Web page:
3 Cogent Reasons Why FG Must Discontinue Onnoghen’s CCT Trial – NBA


As the Code of Conduct Tribunal (CCT) prepares to continue proceedings in the suit against Honourable Justice Onnoghen on Wednesday, 13th of February, 2019, the Nigerian Bar Association (NBA) has resumed its demand that the Federal Government should withdraw the suit against the CJN.

In a statement issued on Tuesday, 12th February, 2019, the NBA gave three cogent reasons why the Federal Government must as a matter of fact, withdraw the CCT trial.

Below is reason:


  1. Ahead of the adjourned proceedings in the above-named matter before the Code of Conduct Tribunal (“CCT”), scheduled for tomorrow, 13 February 2019, the Nigerian Bar Association again urges the Executive arm of the Federal Government of Nigeria (“FGN”) to discontinue this Charge against the Chief Justice of Nigeria, Honorable Mr. Justice Walter S N Onnoghen, GCON (“CJN”) for the following reasons, amongst others:
  • First, as widely reported, one of the two petitions against the CJN that is currently before the National Judicial Council (“NJC” or “Council”) is an exact replica of the petition that motivated the CCT Charge. The second petition was reportedly presented by the Economic and Financial Crimes Commission (“EFCC”), an FGN agency. We commend the FGN for adhering to due process by submitting the EFCC petition to the NJC for consideration. In like manner and in adherence to the law and due process, we urge the FGN to discontinue the CCT Charge and allow the NJC consider the initial petition which, as widely reported, has already been responded to by the CJN.
  • Second, the Chairman of the CCT, Hon. Danladi Umar, in his response to a petition that was written against him and which was forwarded to him by the Federal Judicial Service Commission, states emphatically that he and his Tribunal are answerable and report only to the Presidency, by law and practice. He is absolutely correct. An insistence, in the circumstance, on the CJN, the head of an independent arm of the FGN, standing trial before a Tribunal that is under the Presidency and is answerable only to the Presidency, mocks the concept of and completely erodes the independence of the judiciary and the constitutional separation that should exist between the three arms of the FGN. It is precisely for this reason that our Constitution created the NJC and we are pleased that the FGN has warmed up to the utilization of that due process, as illustrated by the submission of the EFCC petition to the Council.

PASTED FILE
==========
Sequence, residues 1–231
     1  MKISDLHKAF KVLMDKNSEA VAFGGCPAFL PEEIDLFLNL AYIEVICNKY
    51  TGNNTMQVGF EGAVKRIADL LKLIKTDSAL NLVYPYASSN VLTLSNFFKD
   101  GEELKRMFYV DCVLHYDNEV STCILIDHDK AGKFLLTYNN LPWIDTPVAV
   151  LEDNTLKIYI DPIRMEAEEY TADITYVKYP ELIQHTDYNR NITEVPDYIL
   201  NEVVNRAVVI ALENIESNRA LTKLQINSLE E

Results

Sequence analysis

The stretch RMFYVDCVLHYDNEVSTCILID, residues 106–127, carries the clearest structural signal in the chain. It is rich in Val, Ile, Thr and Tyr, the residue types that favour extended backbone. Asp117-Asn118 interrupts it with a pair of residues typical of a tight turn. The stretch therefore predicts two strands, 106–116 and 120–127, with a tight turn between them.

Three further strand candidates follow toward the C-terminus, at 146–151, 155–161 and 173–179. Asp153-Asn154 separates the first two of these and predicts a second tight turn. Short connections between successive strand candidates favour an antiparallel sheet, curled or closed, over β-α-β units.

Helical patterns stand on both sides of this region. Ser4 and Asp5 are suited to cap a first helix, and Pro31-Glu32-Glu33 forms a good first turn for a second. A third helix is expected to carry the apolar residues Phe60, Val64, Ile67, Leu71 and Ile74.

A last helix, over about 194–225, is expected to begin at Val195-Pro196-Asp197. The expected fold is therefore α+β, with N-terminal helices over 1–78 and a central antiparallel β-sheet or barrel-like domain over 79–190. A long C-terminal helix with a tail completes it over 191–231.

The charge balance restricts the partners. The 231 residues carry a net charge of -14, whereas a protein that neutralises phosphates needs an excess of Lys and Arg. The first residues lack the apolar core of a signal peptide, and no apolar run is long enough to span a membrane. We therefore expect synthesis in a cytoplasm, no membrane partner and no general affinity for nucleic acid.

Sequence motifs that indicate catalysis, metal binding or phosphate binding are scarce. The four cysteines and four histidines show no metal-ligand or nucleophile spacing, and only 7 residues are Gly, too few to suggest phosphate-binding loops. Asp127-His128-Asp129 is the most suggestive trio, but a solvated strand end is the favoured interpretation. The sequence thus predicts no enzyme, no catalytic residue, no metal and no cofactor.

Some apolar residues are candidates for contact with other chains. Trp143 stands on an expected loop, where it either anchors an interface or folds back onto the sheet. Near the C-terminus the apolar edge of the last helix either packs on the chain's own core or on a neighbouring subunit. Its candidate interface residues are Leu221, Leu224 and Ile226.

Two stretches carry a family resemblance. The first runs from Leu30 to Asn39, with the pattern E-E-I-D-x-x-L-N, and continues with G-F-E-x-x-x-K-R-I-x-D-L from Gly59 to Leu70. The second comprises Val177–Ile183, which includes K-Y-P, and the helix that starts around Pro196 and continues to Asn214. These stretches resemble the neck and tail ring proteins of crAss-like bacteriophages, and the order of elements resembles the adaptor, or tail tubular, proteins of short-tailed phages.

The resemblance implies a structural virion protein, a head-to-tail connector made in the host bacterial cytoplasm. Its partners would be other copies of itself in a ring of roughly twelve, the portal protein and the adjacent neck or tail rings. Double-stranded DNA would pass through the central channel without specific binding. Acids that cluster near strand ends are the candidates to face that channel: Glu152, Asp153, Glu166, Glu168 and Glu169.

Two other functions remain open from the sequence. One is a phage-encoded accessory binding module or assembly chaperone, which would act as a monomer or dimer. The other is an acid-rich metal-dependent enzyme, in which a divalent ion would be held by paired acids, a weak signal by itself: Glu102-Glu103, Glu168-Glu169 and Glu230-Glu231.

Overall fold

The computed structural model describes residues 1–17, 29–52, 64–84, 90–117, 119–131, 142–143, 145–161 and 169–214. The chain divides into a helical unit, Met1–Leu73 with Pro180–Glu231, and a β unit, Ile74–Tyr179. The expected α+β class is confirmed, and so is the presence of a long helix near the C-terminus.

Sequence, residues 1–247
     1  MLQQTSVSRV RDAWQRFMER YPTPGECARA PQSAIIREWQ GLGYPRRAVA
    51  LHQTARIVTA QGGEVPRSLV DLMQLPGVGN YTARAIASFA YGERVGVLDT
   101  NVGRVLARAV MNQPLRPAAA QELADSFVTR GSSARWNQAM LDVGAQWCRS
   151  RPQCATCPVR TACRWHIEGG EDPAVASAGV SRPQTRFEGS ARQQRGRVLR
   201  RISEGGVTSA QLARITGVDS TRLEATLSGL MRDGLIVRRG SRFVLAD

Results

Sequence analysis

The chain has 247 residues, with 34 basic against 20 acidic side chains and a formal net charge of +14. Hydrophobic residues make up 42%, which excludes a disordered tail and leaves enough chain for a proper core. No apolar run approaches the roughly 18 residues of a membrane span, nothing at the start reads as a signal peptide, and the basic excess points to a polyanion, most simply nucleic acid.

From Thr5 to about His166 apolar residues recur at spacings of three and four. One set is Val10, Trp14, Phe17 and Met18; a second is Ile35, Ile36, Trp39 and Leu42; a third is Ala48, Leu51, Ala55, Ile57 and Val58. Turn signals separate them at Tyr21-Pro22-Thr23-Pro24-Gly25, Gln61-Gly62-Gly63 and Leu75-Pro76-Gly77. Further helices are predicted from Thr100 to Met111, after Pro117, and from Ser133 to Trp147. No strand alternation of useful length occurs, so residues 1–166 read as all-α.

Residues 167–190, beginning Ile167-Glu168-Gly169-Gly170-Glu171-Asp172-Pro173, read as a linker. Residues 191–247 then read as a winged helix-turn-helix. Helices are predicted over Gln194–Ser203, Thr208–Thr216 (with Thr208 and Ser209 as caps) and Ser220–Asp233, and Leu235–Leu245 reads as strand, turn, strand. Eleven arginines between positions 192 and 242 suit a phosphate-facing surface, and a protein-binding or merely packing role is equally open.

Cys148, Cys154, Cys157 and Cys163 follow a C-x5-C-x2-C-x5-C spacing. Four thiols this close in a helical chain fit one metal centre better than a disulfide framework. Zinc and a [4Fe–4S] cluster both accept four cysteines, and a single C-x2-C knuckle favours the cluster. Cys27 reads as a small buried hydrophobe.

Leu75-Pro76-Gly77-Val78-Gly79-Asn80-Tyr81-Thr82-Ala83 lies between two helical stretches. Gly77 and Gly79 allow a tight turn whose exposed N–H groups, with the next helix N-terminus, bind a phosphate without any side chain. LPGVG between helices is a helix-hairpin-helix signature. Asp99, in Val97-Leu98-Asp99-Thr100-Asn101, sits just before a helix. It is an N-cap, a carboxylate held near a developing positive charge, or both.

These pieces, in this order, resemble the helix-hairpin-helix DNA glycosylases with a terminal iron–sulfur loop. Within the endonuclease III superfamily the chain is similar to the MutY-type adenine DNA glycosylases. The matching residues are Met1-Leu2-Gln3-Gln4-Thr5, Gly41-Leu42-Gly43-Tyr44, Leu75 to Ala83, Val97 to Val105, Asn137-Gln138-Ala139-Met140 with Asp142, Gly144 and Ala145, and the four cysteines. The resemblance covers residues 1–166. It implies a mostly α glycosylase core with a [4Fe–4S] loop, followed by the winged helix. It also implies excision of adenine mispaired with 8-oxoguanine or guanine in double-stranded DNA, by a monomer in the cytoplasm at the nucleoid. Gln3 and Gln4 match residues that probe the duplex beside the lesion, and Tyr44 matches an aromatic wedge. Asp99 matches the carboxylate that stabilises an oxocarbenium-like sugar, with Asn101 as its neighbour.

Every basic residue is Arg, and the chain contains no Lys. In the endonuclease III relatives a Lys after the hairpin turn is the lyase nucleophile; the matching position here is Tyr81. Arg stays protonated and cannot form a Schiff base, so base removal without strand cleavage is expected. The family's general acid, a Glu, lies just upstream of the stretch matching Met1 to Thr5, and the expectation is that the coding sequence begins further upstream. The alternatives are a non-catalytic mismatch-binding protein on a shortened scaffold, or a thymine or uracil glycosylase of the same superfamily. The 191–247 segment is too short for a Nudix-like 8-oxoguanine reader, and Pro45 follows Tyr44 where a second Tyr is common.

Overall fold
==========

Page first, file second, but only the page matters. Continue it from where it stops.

• Third, and complementary to the two points afore-stated is the fact that the spectacle of having our CJN, while still holding that title, in the dock before the CCT or any other Court, truly diminishes all of us, not least the Executive arm of the FGN. The NJC process allows an initial determination to be made on the petitions against the CJN and if His Lordship is found liable or wanting howsoever, appropriate sanctions would be imposed by the NJC including recommendation for his dismissal or retirement. In that event, he would no longer hold the office or title of CJN and could be prosecuted for any criminal infraction before the CCT or any other Court. An insistence on the CCT prosecution paints a picture of persecution of the CJN by the Executive and such a spectacle in no way ennobles the FGN Executive arm and/or its officials. Such a scenario should be avoided by all means.
  1. Given these non-exhaustive considerations and facts, we press on the Executive arm of the FGN to please discontinue the Charge against the CJN when the matter comes up before the CCT tomorrow, Wednesday, 13 February 2019. We respectfully urge full compliance with due process by FGN in this matter by allowing the NJC process to take its course in respect of the two petitions against the CJN – a step that has already, commendably, been embraced by FGN in respect of the EFCC petition.

Paul Usoro

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